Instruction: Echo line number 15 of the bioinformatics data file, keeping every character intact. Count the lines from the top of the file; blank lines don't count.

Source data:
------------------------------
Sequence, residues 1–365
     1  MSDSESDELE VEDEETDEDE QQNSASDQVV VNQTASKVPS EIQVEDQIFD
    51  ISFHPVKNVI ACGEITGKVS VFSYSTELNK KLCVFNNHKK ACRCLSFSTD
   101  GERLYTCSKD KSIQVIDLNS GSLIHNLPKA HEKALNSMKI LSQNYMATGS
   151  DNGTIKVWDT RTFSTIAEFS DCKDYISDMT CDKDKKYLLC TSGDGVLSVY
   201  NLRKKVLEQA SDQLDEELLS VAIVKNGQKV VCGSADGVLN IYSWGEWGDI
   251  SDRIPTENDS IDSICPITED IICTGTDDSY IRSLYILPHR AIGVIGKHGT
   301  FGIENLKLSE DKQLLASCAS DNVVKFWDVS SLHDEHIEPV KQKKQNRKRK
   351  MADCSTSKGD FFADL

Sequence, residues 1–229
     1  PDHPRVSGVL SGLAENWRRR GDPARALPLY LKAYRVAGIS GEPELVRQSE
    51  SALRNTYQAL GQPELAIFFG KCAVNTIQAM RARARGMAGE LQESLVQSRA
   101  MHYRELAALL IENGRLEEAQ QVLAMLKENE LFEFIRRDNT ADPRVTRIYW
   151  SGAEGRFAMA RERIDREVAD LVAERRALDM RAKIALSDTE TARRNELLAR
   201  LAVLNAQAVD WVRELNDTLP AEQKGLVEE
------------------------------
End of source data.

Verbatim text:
   201  LAVLNAQAVD WVRELNDTLP AEQKGLVEE